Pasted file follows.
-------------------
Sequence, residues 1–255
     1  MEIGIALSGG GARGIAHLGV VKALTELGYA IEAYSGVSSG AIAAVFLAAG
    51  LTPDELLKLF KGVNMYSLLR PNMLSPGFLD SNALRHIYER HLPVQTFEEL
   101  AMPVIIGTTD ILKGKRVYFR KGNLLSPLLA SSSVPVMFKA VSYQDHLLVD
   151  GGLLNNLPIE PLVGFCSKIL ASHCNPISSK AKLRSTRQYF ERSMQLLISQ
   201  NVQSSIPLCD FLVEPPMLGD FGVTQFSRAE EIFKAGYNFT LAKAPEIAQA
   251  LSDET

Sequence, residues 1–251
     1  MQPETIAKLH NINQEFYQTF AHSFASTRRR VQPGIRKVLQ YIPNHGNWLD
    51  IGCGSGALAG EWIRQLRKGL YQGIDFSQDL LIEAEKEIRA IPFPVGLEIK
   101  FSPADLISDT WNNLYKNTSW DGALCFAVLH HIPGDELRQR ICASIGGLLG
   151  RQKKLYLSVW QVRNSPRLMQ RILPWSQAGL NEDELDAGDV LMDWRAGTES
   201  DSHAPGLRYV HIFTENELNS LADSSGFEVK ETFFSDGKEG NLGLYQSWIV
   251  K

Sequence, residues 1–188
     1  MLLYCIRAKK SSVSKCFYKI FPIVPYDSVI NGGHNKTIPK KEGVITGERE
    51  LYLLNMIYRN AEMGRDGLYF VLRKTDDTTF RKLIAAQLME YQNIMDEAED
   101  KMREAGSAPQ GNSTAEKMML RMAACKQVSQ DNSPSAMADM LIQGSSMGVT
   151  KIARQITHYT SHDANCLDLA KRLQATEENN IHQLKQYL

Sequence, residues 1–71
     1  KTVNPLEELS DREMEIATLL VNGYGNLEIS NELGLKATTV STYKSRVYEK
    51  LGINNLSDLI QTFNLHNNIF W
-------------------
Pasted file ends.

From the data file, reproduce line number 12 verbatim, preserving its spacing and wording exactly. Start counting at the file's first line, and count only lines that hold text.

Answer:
   151  RQKKLYLSVW QVRNSPRLMQ RILPWSQAGL NEDELDAGDV LMDWRAGTES